Myths and Misconceptions About Retrievers - Page 2

Helping You Get the Most From Your Hunting Dogs

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Much controversy and many misconceptions surround the use of electric training collars. Many people assume that all "collar trainers" grind their dogs down to the point where they move extremely slowly and appear to be working in fear. This was indeed a common observation 25 years ago. While such results may still be seen today, a greater number of highly-skilled amateur and professional trainers have figured out how to use modern collars to teach obedience and advanced work while maintaining style, speed, and the dog's love of retrieving.

At the same time, however, "the collar" is not any kind of cure-all. Many of us have grown accustomed to push-button convenience, but a dog is still a dog and to expect instant control is to court disaster. It can't hurt to repeat that careless or uninformed use of an electric collar can ruin a dog in short order.

There are many misconceptions concerning the length of time it takes to train a retriever. The best answer to the question, "How long does it take to train a retriever?" might be, "a lifetime."

Most appropriate responses to this question are questions themselves, such as: how old is the dog? What has he learned to date? How does he respond to praise and correction? What are his natural abilities? And what would you like him to be able to do? Rough outlines of time schedules can be given, but they are just that -- rough approximations. There are too many variables. And once the formal lessons have been accomplished, a lifetime of frequent workouts of increasing difficulty is necessary to maintain and improve your working companion.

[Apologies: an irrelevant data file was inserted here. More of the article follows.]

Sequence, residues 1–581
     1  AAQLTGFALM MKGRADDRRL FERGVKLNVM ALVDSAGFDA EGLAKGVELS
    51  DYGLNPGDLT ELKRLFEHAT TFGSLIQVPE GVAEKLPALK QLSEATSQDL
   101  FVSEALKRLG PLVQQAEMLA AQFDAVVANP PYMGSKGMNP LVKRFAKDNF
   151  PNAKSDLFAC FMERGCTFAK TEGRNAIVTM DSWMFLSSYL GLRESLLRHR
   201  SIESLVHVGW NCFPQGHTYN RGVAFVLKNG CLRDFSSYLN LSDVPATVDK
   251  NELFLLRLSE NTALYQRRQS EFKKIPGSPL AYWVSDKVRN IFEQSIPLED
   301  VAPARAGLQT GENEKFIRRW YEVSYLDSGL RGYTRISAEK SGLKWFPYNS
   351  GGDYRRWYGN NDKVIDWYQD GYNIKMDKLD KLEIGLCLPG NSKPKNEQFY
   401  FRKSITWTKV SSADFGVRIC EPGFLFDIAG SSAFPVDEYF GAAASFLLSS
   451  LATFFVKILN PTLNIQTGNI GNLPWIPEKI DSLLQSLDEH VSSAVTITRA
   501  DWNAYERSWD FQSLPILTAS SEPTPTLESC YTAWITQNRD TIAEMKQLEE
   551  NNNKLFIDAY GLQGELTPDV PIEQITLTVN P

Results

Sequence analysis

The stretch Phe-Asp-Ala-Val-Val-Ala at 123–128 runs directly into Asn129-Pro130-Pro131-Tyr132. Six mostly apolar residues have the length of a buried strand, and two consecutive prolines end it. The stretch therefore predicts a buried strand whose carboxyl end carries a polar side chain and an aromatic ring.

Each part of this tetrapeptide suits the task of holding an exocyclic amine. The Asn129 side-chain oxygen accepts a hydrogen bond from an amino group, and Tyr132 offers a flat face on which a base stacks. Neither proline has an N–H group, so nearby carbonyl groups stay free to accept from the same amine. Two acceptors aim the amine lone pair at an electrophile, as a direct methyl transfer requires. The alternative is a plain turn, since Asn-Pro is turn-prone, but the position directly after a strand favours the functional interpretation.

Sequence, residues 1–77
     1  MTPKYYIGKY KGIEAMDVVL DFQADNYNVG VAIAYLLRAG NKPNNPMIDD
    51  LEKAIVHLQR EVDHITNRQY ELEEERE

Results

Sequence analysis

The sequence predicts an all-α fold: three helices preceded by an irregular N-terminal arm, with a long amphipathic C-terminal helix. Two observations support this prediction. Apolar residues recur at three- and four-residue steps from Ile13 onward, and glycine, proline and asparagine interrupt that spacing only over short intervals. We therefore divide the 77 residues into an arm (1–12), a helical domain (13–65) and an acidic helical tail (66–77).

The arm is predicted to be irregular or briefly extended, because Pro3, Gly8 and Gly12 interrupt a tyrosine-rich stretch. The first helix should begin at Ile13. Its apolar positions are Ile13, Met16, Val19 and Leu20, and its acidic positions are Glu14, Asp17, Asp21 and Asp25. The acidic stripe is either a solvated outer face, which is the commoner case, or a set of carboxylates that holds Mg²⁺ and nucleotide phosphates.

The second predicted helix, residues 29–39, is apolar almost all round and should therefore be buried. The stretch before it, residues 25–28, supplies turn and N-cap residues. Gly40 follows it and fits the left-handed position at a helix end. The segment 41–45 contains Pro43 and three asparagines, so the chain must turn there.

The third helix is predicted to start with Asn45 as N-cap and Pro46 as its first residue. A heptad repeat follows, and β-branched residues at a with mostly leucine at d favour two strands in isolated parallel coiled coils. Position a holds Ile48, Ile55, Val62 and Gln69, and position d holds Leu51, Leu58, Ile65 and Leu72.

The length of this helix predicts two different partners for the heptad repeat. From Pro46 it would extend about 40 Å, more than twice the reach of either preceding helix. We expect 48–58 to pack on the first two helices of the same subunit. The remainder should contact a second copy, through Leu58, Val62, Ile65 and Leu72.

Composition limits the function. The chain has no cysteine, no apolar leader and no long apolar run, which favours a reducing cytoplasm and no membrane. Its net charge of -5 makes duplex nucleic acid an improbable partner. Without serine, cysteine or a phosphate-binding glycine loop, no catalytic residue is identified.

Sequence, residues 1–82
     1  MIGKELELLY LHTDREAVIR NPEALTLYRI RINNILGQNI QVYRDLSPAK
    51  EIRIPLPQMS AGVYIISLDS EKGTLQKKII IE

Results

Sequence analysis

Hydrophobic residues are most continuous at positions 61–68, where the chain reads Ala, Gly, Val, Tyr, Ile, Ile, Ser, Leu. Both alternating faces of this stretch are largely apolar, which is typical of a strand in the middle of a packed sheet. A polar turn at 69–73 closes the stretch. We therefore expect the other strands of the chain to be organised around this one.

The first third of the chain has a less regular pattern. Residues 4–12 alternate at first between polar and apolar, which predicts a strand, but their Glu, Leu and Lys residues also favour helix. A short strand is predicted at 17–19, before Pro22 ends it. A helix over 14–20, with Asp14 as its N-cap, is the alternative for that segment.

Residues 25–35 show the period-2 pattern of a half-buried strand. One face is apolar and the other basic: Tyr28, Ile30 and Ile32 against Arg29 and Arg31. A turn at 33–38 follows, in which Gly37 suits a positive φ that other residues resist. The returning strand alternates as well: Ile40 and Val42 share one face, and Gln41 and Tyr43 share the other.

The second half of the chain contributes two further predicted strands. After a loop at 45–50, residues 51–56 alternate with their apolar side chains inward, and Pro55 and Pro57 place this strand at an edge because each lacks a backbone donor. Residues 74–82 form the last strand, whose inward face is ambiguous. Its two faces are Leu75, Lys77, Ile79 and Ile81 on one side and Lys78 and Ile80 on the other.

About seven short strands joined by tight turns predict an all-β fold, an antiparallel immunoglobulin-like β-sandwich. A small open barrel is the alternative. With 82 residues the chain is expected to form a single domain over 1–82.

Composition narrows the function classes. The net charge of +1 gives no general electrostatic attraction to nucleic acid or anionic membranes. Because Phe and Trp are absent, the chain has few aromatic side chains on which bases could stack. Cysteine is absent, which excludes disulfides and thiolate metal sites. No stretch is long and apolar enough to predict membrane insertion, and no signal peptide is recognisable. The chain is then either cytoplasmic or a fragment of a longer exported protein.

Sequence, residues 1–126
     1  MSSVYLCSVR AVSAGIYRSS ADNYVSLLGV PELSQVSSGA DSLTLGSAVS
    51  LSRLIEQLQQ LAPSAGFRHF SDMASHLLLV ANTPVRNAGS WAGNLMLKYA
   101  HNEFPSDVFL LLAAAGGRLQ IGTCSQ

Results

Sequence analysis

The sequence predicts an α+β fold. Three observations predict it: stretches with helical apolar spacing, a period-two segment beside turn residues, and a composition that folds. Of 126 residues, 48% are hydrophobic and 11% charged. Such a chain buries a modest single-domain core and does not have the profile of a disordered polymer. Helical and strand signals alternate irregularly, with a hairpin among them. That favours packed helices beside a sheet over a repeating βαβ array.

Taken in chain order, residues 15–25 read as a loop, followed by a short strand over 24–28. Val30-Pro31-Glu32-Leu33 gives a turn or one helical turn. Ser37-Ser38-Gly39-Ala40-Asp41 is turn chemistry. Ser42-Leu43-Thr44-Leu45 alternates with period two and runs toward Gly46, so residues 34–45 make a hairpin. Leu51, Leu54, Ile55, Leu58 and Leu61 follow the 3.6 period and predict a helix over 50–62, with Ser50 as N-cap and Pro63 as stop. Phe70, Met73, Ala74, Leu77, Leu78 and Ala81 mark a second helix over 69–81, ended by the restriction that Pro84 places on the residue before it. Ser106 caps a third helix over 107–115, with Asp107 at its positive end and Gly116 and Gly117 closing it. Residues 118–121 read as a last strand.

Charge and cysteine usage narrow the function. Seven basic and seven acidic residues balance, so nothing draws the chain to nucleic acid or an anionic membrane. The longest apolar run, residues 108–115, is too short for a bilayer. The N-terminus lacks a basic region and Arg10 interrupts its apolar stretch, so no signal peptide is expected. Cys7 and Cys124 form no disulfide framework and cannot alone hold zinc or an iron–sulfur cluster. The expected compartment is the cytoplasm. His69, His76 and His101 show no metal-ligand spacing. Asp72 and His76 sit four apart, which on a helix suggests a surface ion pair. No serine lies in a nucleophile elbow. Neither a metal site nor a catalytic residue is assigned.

We see only a handful of truly exceptional retrievers, and no perfect ones, in a lifetime of dog work. Each individual embarks on a training career with faults that must be overcome. In most cases, making a dog into a finished retriever means identifying and developing the dog's strengths so as to compensate for its flaws--not bemoaning its weaknesses.

True, a dog with too many serious flaws is going to be more trouble to train than the product would justify. This is a call that the individual owner must make -- if the result makes you happy, and you and your dog enjoyed doing it, then it was worth doing. Sadly, many "cute" puppies fall into the sub-marginal class, and it is good to be able to identify these candidates quickly so as to reduce frustration on the part of the dog and trainer.

A commonly overlooked feature of training is that once trained, a retriever doesn't necessarily stay trained. Gradually, and often quickly, trained behavior will slip away if not maintained in a consistent manner. Your best bet is to develop the habit of working your dog regularly throughout the year. Keep in mind, too, that the transition from the training grounds to the hunting field is a dramatic step, and few dogs perform really well until they have a few days' experience hunting. Much of what a gun dog must know can only be learned afield. Be patient with your dog as he learns to generalize what you've taught him to this new situation! Eventually, your careful attention to basic training will pay off.